June 22, 2003
June 22, 2003
June 25, 2003
8.53.1 - 8.53.8
A Geometrical Derivation of the Three Trigonometric Identities
TCI, the College for Technology
Hearing the word trigonometry often produces a feeling of hopelessness in adults. Memory banks recall the acronym “SOHCAHTOA” (a factious Indian Word!) which when verbalized stimulates thoughts about the sides of a triangle. After completing a six-month course in trigonometry in high school and graduating from MIT and receiving a Ph.D. from Columbia University, I was convinced that I knew trigonometry cold! However, I now teach physics and mathematics to college students, who frequently do not get it!
Background of Class
This paper is a topic in a mathematics class, MAT201, Mathematical Analysis ll. The textbook used in this course is Caulter, Paul A & Michael A. “Technical Mathematics with Calculus Fourth Edition(1). Students taking this course major in both Electrical Engineering Technology and Computer Science Technology. The course is taken in the second semester. The fall 2002 class consisted of 18 students, 15 male and 3 female. The student ages ranged from 19 to 53. One student is white, six are Hispanic, five students are black, and five are Asian.
Many of our students have deficits in mathematics. They find word problems very difficult. The scientific method starts by formulating a problem. How do you teach students to formulate problems? My approach is to have students construct a triangle and then step by step derive the trigonometric identities. With this hands on approach to mathematics students acquire an understanding of basic concepts rather than relying on rote memorization.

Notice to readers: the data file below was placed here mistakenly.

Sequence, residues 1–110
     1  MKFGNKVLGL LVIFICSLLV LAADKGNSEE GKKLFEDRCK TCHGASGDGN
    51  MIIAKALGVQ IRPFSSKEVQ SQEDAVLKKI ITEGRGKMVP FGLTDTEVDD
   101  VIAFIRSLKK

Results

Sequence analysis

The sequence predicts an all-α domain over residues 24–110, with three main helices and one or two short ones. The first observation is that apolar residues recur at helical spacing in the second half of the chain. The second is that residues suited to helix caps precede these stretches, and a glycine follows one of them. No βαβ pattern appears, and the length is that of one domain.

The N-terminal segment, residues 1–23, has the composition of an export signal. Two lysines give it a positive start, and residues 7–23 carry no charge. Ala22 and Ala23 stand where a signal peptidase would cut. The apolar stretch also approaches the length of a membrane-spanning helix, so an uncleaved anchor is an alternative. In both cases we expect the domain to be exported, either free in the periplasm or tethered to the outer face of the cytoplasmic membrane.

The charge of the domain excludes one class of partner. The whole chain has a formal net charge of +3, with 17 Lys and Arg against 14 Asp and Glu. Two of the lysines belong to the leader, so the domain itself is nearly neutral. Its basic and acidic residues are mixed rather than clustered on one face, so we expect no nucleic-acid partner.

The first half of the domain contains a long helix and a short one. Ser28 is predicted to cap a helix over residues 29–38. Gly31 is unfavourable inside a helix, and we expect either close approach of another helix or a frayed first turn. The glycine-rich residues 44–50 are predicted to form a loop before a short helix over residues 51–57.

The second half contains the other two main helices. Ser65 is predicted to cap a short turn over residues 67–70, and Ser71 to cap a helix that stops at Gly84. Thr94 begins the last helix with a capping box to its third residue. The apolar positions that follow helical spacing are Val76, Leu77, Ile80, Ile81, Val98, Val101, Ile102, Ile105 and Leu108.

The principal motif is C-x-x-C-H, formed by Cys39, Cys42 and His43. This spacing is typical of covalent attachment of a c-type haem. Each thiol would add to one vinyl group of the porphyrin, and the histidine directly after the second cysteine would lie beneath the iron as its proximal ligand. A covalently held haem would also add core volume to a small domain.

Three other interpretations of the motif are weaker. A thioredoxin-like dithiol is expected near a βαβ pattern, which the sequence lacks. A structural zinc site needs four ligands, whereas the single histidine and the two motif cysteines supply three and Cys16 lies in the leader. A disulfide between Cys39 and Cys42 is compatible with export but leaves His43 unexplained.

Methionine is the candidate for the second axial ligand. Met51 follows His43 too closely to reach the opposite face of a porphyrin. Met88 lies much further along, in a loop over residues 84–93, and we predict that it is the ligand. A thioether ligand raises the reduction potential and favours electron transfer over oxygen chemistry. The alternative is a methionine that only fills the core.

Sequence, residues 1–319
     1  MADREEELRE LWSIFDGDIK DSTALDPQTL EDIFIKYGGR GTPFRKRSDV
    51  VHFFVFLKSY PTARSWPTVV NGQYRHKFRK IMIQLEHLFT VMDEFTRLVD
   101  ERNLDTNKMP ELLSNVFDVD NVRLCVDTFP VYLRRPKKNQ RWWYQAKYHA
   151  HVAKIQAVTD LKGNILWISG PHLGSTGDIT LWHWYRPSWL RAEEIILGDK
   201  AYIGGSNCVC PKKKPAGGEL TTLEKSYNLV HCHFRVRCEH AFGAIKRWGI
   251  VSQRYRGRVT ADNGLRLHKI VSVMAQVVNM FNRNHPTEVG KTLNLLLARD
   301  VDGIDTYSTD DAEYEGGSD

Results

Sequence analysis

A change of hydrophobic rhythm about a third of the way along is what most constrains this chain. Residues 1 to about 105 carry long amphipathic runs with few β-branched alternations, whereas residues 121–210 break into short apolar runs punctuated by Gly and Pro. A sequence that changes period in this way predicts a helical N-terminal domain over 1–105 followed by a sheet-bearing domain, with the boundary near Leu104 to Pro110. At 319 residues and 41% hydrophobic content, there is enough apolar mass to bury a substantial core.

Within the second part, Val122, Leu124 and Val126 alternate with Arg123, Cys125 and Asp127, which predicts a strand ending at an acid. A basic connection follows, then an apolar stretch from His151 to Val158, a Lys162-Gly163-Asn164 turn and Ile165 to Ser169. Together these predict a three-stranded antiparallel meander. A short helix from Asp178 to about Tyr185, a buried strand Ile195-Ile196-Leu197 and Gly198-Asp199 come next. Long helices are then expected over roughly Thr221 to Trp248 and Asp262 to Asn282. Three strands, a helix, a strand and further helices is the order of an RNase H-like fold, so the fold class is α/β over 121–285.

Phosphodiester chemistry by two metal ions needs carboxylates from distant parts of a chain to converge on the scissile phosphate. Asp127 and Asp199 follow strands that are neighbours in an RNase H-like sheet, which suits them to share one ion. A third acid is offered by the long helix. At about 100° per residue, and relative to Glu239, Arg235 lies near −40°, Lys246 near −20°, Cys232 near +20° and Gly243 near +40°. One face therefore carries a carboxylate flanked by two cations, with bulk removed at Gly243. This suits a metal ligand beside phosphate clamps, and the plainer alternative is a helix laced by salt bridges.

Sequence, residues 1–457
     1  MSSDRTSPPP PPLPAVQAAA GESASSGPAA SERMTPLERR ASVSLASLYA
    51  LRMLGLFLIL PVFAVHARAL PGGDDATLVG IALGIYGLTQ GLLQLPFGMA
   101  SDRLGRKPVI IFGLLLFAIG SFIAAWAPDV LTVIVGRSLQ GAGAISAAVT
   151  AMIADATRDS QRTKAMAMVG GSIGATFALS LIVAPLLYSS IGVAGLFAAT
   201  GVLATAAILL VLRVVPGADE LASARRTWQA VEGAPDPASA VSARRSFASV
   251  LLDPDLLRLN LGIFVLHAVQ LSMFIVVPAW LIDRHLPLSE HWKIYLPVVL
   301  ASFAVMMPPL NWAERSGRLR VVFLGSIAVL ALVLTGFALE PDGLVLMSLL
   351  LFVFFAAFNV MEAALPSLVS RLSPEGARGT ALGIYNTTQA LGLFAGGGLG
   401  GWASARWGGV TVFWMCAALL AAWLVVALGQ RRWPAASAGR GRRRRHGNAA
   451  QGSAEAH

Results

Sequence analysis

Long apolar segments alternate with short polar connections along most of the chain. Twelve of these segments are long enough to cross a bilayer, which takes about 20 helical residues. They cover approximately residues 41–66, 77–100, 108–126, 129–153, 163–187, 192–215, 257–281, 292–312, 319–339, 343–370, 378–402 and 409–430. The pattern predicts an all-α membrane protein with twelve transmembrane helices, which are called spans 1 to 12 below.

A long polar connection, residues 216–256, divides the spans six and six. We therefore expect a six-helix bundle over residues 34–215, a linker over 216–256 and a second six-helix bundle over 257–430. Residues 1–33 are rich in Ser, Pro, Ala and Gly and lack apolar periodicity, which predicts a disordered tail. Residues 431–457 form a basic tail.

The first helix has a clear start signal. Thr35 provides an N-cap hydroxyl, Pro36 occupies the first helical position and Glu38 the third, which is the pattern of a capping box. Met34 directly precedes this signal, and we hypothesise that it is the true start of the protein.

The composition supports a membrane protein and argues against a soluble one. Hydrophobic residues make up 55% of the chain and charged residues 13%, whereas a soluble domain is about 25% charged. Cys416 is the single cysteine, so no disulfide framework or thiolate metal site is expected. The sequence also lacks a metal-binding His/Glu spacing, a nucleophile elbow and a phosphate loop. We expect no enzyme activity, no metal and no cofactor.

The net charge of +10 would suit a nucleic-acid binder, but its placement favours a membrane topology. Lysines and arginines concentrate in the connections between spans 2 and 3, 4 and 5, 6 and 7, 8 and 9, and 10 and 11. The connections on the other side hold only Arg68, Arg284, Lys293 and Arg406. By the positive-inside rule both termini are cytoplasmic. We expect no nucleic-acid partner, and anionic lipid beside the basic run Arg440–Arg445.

Confucius said, “A journey of 1000 miles begins with a single step”
Acquiring an understanding of trigonometry should begin by constructing a right triangle. (Figure 1). Draw a straight line. Place a compass point on the line and mark off two points on opposite sides of the point. Move the compass point to the marked off points and draw an arc on top and an arc on the bottom. Next move the compass to the second marked off point and draw an arc on top and on the bottom. The two arcs intersect above and below the
“Proceedings of the 2003 American Society for Engineering Education Annual Conference & Exposition Copyright © 2003, American Society for Engineering Education”
Pariser, B. (2003, June), A Geometrical Derivation Of The Three Trigonometric Identities Paper presented at 2003 Annual Conference, Nashville, Tennessee. 10.18260/1-2--11914
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